The Virtual Jewish History Tour
By Rebecca Weiner
Venice is considered one of the worlds most
beautiful and romantic cities. Its canals and streets remain the same
as they were hundreds of years ago. For Jews, however, Venice is also
a place with a dark history; it is where the worlds first ghetto
was instituted and the quality of Jewish life often shifted with the
whims of the ruling power.
While Jews did not settle in Venice until the 13th
century, many Jewish merchants and moneylenders visited and worked in
the city beginning with the 10th century. Jews were
mentioned in documents in 945 and 992 forbidding Venetian captains
from accepting Jews onboard their ships. In 1252, Jews were not
allowed to settle in the main part of the city, so they settled on
the island of Spinaulunga (also spelled Spinalonga) which later became Giudecca.
1290, Jewish merchants and moneylenders were allowed to work in
Venice, but were forced to pay a special tax of five percent on all
their import and export transactions. The Jewish moneylenders
received permission to settle in the city in 1385. They were given a
piece of land to be used as a Jewish cemetery in 1386.
The Senate decided to expel the Jews from the city
in 1394 due to fears of Jewish encroachment in certain economic
spheres. They were allowed to work in the city for limited two-week
intervals. Those who were not moneylenders were allowed to remain in
the city, albeit with certain restrictions. Jews were forced to wear
various markings on their clothing to identify themselves as Jews. In
1394 they had to wear a yellow badge, it was changed to a yellow hat
in 1496 and to a red hat in 1500. Other anti-Jewish laws including
the prohibition against owning land (enacted in 1423) and from
building a synagogue (enacted in
1426). On occasion, Jews were forced to attend Christian services or
become baptized. Anti-Jewish feelings were prevalent and three Jews
died in a blood libel in 1480
and more died after another libel in 1506.
Despite the harsh economic hardships, Jewish
culture was allowed to develop to a certain degree. Daniel Bomber,
known as Aldo Manuzio (1449-1515), the first Italian printer, used
Hebrew fonts in his publications. This marked an increased
open-mindedness toward Jewish culture among Venetian and Italian
Venice received an influx of immigrants from Spain
and Portugal following the expulsion
in 1492. Isaac Abravanel was one of the well-known Sephardic
immigrants who came during this period.
In 1516, the doges, Venices ruling council,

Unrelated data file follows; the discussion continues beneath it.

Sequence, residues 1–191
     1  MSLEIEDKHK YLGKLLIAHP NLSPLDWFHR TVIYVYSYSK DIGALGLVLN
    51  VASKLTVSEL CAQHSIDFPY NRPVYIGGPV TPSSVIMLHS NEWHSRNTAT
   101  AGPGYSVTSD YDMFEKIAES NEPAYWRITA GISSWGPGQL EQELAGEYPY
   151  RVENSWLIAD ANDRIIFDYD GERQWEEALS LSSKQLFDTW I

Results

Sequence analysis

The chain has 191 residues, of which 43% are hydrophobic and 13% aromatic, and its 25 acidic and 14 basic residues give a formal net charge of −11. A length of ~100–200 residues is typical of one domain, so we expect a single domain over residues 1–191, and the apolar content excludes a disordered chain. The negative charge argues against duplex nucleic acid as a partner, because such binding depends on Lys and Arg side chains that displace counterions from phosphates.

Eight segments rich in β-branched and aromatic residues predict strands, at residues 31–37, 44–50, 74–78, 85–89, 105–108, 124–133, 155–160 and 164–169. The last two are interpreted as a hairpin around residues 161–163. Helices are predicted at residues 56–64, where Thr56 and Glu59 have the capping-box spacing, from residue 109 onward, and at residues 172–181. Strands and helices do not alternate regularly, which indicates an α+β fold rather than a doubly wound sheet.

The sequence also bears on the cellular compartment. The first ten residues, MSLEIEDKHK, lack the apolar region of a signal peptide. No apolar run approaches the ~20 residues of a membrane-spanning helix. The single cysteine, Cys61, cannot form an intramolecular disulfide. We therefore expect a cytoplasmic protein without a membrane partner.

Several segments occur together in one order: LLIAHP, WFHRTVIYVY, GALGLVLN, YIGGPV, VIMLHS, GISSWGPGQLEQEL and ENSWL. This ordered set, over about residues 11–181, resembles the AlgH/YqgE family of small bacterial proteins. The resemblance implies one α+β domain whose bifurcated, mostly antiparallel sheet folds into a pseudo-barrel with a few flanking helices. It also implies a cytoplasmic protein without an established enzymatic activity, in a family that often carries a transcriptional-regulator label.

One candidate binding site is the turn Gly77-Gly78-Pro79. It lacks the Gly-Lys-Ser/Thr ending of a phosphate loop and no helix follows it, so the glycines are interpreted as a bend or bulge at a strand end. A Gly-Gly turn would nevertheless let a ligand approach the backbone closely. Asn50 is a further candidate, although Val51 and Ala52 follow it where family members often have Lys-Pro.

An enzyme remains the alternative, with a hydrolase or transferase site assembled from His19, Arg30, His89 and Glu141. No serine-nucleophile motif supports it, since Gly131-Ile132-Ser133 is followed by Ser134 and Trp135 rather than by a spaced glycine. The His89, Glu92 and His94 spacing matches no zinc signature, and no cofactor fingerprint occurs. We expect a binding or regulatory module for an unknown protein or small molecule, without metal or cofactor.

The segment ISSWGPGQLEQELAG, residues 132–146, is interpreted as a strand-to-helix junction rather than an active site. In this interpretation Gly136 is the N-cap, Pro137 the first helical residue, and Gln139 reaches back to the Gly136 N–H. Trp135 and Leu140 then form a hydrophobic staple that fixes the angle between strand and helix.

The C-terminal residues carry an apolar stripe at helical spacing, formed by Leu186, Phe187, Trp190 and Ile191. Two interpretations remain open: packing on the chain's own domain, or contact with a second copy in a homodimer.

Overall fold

debated whether Jews should be allowed to remain in the city. They
decided to let the Jews remain, but their residence would be confined
to Ghetto Nuova, a small, dirty island; it became the worlds first
ghetto. The word “ghetto” is from the Italian getto
meaning “casting” or Venetian geto meaning
Jews of Italian and German origin moved into this
ghetto. The latter came to Venice because of persecution in their
communities, while the former came from Rome
and from the South, where they faced anti-Semitism.
from the Levant, who practiced Sephardic traditions, moved into
Ghetto Vecchio in 1541. The Spanish and Portuguese Jews also came to
Venice in the late 16th century and were the strongest and
wealthiest community in the ghetto. Many of the Spanish and Portuguese
Jews were Marranos and became “Jewish” again once moving to
Venice. The Spanish/Portuguese and Levantines lived in the Ghetto
The German, Italian and Levantine communities were
independent, yet lived side by side to one another. A hierarchy
existed among them, in which the Sephardic (Spanish and Portuguese)/Levantine
Jews were at the top of the scale, Germans in the middle and Italians
at the lowest rung.
restrictions were placed on Jews living in the ghetto. They were only
allowed to leave during the day and were locked inside at night. Jews
were only permitted to work at pawn shops, act as money lenders, work
the Hebrew printing press, trade in textiles or practice medicine.
Detailed banking laws kept their interest rates low and made life
difficult for many of the poor pawnbrokers and moneylenders.
Once they left the ghetto they still had to wear
distinguishing clothing, such as a yellow circle or scarf. Jews were
faced with high taxes and the Talmud was burned in 1553, due to
arguments between two Venetian printing companies. Hebrew books were
not allowed to printed for the next thirteen years, however, the
Jewish printing press and publishing companies continued to thrive
until the early 19th century.
One period that was particularly difficult for
Venetian Jews was during the 1570's, after the Battle of Lepanto in
1571. The Jews were blamed for the war and expulsion threats were
made. The German and Italian Jews survived the war by making
financial concessions. They decreased their interest rate to five
percent per annum, the price they had to pay for stable residence in
the ghetto. This was a major setback, however, the Jews were able to
the poor living conditions, Jewish community life continued to grow
inside the ghetto. Life centered around Jewish ritual and customs and
the celebration of the Sabbath. The Ashkenazic Jews built two